I first learnt of wet wrap in 2011 when the dermatology nurses demonstrated this in eczema support group session. I reached out to Tubifast’s manufacturer Molnlycke and interviewed their staff on their wrap (read about how it is used, its durability and ‘washability’). It wasn’t until 2 to 3 years later when Marcie used the wrap, mainly to increase skin hydration as the wrap/ glove/ garment kept the moisturizer on the skin AND there is less likelihood of scratching the skin with the gloves/ wrap on.
There are two ways to do it – wet wrap or dry wrap. Wet wrap basically means two layer of the wrap – the inner layer is sprayed wet with water and the outer layer is dry. This is to increase skin hydration. The dry wrap, which is what we do, is to just moisturize the skin and then put the wrap over the area with eczema lesions to reduce scratching at night and keep the skin hydrated.
There are also many different sizing for the ‘tubes’, including Yellow for children body, children socks (which Marcie wears at night because her ankles are so badly scratched) and Red for small children’s limbs. There are also full-body garments which we haven’t tried mainly because of the cost. But in terms of wrap, whereby you are looking for a way to protect a skin area, we found out that using the more expensive Tubifast wrap turns out more economical because it is a tubular wrap (versus wrapping a gauze bandage and taping it together) and washable which makes it cheaper and MUCH LESS HASSLE than using bandage. You also won’t have to deal with tape, scissors, bandages that come loose and all over the floor (the wrap does get taken off by Marcie in the middle of the night, but at least it’s much easier to pick up one tube than all that loose bandage).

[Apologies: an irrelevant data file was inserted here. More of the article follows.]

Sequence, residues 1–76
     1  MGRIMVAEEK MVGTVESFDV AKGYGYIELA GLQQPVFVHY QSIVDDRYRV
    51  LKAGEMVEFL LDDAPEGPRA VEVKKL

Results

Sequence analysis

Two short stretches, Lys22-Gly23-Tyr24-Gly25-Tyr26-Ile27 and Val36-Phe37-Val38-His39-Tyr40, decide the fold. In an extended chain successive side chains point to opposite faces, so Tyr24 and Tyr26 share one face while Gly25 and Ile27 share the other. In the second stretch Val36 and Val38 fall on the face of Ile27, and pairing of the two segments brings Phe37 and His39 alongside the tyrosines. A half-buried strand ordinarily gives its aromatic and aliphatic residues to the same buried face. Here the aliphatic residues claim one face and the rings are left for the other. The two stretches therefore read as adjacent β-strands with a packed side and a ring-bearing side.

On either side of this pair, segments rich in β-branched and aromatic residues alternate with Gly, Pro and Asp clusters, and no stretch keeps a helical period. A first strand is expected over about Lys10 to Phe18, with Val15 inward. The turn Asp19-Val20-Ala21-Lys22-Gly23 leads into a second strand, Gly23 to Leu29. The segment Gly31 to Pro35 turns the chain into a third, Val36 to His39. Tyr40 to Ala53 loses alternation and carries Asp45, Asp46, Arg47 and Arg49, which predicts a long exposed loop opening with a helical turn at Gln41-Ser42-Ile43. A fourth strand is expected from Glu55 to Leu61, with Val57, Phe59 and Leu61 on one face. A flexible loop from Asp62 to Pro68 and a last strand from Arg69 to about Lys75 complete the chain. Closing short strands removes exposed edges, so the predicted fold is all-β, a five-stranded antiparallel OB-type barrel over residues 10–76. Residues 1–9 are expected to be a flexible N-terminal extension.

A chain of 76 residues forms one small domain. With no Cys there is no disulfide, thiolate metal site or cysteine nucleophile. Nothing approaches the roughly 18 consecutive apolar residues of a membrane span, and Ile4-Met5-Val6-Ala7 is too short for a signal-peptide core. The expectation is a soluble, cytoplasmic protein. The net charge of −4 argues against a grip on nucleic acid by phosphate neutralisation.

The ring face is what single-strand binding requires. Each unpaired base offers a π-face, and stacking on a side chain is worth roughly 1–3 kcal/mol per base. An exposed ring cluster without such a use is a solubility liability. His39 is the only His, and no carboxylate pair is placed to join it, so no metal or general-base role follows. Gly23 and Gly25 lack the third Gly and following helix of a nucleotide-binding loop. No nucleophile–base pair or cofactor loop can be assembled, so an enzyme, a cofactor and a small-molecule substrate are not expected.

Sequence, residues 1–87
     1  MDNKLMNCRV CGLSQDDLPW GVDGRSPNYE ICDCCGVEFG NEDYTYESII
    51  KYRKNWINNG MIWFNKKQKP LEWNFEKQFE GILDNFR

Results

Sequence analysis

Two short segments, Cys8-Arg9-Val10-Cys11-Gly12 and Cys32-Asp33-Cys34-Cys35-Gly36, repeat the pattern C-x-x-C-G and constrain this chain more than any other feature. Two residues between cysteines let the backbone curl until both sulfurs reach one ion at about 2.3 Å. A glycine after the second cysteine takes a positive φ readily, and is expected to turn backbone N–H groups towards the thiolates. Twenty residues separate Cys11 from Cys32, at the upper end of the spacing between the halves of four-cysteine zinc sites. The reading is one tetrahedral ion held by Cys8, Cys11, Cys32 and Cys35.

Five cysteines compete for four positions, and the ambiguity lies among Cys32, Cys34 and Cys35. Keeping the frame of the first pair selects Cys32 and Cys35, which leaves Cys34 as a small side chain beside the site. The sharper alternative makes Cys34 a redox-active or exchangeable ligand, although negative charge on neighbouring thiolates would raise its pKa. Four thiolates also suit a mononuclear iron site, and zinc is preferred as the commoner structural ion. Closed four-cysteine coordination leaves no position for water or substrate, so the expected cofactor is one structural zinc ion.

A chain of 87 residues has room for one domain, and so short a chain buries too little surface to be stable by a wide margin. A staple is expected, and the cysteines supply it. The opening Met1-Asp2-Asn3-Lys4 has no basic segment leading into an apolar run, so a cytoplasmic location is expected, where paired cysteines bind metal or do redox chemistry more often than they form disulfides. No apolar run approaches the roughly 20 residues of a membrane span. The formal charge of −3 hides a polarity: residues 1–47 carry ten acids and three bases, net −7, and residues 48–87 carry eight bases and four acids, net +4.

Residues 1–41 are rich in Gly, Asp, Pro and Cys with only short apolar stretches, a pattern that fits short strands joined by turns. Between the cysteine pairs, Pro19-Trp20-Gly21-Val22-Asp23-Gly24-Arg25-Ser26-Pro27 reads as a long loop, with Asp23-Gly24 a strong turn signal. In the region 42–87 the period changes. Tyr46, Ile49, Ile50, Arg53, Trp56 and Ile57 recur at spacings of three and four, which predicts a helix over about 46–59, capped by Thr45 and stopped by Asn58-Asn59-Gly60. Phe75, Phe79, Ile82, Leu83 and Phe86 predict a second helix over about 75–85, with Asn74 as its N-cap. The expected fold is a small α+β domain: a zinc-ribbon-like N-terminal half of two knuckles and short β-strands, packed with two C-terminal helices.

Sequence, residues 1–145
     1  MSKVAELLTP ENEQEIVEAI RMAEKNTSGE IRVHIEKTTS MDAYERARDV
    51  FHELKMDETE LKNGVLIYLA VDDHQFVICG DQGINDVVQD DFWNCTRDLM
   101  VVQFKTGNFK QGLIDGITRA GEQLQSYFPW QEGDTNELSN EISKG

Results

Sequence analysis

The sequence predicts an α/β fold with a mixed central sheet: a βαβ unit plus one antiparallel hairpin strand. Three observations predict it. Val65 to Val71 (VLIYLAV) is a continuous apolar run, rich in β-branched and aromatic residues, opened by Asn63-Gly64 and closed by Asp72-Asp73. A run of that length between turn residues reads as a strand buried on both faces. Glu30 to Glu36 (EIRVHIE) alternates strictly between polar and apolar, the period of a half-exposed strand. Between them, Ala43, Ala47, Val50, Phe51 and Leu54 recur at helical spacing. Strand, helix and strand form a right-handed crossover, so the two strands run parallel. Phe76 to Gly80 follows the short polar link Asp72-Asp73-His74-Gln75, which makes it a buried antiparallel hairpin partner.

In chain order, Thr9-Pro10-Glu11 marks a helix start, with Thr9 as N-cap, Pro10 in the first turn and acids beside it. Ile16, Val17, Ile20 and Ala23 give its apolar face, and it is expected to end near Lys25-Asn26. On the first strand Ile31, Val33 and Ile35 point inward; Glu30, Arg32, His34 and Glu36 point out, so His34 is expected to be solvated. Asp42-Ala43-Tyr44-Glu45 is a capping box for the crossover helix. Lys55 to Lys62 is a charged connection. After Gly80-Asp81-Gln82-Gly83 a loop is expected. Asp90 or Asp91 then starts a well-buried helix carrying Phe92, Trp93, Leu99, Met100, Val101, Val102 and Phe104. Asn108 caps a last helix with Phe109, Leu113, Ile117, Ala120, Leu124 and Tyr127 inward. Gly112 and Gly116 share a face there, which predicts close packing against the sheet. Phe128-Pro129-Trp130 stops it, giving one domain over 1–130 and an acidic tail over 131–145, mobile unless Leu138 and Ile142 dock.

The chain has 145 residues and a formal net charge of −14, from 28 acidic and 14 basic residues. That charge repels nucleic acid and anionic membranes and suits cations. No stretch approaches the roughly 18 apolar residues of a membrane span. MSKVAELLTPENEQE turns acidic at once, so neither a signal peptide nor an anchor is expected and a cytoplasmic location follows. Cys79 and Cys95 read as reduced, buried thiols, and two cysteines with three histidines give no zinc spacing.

MarcieMom’s take: I like that it is effective, helps to heal eczema lesions faster with more hydration and less scratching and it turned out cheaper than bandages!
Marcie’s take: I don’t like it because it restricts my scratching, but that is kind of the point my Mommy says